Further evidence of the most extraordinary meteorological conditions of the year 1914 has been given during the past week, when the maximum shade temperature every day has been considerably over normal spring readings.
Starting on Wednesday last the reading at Faull’s was 90 degrees, and on succeeding days the weather became aggressively hot for this time of the year.
On Thursday the thermometer registered 94 1/4 degrees, Friday 96, Saturday 102, and Sunday 101.
So pronounced was the heat on the last two days mentioned that many people were almost prostrated by this latest act of vindictiveness on the part of the clerk of the weather.
Such scorching days as we have experienced are exceptional for October. Last year the highest reading for that month in Warracknabeal was 90 degrees on October 11th.
The first really hot day was experienced on November 29th, when the shade reading was 102.
Going back to October, 1912, the records show that the month was comparatively cool. The highest point reached was 96 degrees on October 30th.
Bad as was last week’s weather upon, citizens in good health, it was more severely felt by those who are suffering from the distressing complaint of influenza, which appears to be more virulent than usual this year.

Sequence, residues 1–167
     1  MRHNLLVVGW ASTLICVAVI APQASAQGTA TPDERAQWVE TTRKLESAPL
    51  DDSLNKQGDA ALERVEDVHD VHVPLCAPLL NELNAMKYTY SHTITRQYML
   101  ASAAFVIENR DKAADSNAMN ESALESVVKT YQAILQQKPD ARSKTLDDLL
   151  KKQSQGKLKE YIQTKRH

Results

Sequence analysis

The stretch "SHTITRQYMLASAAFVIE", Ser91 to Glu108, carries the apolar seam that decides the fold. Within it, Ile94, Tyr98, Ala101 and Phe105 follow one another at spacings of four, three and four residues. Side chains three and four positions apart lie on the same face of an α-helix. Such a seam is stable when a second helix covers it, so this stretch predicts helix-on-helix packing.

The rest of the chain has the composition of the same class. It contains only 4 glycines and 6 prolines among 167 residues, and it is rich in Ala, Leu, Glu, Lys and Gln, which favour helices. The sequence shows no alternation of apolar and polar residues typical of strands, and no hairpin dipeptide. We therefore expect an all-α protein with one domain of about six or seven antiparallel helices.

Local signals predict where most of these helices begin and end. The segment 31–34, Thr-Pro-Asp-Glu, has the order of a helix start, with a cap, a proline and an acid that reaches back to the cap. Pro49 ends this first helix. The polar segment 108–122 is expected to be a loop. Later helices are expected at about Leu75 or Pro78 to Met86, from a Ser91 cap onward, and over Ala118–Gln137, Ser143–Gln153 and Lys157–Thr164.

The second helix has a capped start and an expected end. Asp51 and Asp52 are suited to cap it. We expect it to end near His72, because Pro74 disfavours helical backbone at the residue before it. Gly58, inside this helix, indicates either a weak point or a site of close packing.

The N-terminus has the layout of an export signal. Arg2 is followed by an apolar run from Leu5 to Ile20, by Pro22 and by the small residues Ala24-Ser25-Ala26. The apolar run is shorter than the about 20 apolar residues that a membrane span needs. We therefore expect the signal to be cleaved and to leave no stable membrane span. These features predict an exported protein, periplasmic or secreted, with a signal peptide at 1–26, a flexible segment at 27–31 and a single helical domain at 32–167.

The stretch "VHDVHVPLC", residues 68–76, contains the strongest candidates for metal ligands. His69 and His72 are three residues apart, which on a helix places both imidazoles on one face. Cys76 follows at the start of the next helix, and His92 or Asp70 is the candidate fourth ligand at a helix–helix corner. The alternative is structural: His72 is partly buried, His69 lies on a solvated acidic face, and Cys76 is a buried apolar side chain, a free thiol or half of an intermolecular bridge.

In Melbourne Saturday was the hottest day ever experienced in October. Shortly after noon the temperature recorded at the Observatory was 96.4.
The previous highest record for the month was 96.1 on October 30,1885.
A cool change which arrived on Sunday evening came as a great relief, though the absence of rain was disappointing. There were hopes that we might have a thunder storm to provide drinking water.
Up till last week some scattered crops throughout the district promised moderate returns, but the effect of the intense heat upon them can be easily imagined. It is interesting to learn that some farmers have been able to cut a little hay in a year when the failure of the season has been widespread.
Yesterday, afternoon the weather was again oppressive, and light rain fell.